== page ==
Annual Tempe 9/11 Memorial Will Be Virtual Due to COVID-19 

Flags representing the nearly 3,000 lives lost during the Sept. 11 terrorist attacks won’t be flying at Tempe Beach Park this year.

Typically, hundreds of volunteers gather at the park early in the morning in the days leading up to the anniversary of the attacks to help put the flags into the ground.

This year, members of the Exchange Club of Tempe, which organizes the event, decided to move the event online due to COVID-19 concerns.

The organization announced the decision on Facebook in late August.

Event chair Nick Bastian said that the club didn’t want to risk the health and safety of members and volunteers with so many people coming together to set up and take down the flags.

“It was a very difficult decision for us to make,” Bastian said. “Having the flags in the field is something we all want, and certainly we’ll never forget what happened.”

Instead, members of the Exchange Club of Tempe will host a virtual ceremony on Friday to commemorate the 19th anniversary of the attacks.

The event will start on Facebook shortly before 5:46 a.m. — the time the first airplane crashed into the World Trade Center’s North Tower. Tempe Mayor Corey Woods and other city officials will join members of the club to read the names of first responders and others whose lives were lost that day.

The organization will share photos, videos and stories throughout the day on its Facebook page and website and is encouraging community members to get involved by sharing their photos and stories using the hashtag #HealingFieldAZ.

Bastian said they will be back at Tempe Beach Park next year to mark the 20th anniversary of the attacks.

Members of the Exchange Club of Tempe begin planning the next year’s memorial event shortly after taking down the flags and storing them at a Phoenix-area warehouse, Bastian said.

Planning kicks off in earnest after the start of the year.

When COVID-19 cases first began to spread in Arizona in March, members of the group hoped that they could still host the event.

But in recent weeks, it became clear the event likely wasn’t going to happen.

Current health guidelines banning large gatherings and other protocols in place to reduce the spread of the virus would have made it difficult to safely set up the flags, Bastian said.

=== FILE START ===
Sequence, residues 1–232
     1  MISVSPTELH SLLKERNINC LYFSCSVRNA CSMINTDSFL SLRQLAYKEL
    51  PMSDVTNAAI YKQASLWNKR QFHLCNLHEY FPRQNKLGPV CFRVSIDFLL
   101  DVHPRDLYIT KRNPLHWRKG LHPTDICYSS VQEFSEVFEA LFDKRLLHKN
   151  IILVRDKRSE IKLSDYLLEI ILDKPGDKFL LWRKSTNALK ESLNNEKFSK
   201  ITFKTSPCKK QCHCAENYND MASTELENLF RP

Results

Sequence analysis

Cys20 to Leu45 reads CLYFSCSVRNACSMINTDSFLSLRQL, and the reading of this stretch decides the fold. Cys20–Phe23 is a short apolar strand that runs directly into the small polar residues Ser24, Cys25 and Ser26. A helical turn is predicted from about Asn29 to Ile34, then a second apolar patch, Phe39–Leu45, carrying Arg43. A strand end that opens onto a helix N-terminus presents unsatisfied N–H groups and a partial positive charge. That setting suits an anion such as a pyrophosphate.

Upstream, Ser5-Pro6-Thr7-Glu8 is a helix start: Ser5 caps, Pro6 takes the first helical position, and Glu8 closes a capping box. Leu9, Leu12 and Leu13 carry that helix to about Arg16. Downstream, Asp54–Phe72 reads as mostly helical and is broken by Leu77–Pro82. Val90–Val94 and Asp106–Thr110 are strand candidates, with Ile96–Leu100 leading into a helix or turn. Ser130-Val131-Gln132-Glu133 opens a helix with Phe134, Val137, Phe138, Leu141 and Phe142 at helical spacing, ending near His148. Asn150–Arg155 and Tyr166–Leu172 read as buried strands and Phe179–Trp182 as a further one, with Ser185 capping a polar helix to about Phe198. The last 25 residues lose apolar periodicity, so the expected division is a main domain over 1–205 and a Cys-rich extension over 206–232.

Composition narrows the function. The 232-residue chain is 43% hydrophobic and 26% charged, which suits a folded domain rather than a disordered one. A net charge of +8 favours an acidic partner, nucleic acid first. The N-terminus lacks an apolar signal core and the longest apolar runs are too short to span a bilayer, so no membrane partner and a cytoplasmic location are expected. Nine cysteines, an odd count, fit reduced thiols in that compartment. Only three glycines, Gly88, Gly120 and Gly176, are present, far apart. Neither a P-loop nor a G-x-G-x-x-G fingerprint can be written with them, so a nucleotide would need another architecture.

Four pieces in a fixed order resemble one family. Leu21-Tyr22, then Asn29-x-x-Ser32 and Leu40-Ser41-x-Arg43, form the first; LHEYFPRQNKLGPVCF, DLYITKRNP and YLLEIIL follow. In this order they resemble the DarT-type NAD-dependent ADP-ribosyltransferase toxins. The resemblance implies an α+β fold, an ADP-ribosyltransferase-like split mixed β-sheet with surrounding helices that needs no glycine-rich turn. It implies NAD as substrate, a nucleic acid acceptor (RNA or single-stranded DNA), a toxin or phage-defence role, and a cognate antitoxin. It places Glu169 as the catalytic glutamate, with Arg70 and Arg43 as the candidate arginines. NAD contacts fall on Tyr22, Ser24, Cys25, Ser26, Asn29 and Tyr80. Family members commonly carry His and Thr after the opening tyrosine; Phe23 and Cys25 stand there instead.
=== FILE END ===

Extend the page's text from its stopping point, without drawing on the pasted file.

It would have been “physically impossible” to make volunteers socially distance while setting up and taking down the flags, he said.

Raising funds to put on the event also became more difficult this year. The organization counts on donations to help pay to rent the field and for security and stage and sound equipment, among other expenses.

Tempe’s Sept. 11 memorial, dubbed the Tempe Healing Field, began in 2004 and is the second-longest running event of its kind. The memorial event first began in Sandy, Utah, on the one-year anniversary of the terrorist attacks.

Volunteers typically help set up the flags a few days before Sept. 11. Once set up, the area is open to the public and the club usually hosts a vigil and other events before dismantling the memorial.

Each flag has an identification card tied to it with the name, age and biography of a victim.

Bastian first got involved with the Healing Field about 10 or 12 years ago when he was invited to help set up the flags. He volunteered again the following year and learned more about how the group made it happen.

He started donating money, then his time, to the group, and later landed on the planning committee and pretty soon became one of the lead organizers of the event.

To see a field of grass turn into a sea of red, white and blue was “an amazing experience” that kept him coming back, he said.

Bastian said the club has heard from many people who are disappointed that the flags won’t be flying this year, especially at a time when everyone “can really use some healing.”

“We understand that,” he said. “There’s a lot of us that want to make sure that this event always happens and that we don’t ever forget, and it’s been really hard for us to not have those flags flying. But it doesn’t mean that we’ve forgotten and it doesn’t mean that we won’t be back next year.”

He encouraged people to get involved to help make next year’s event happen.

Click here to learn more about the Tempe Healing Field.

 


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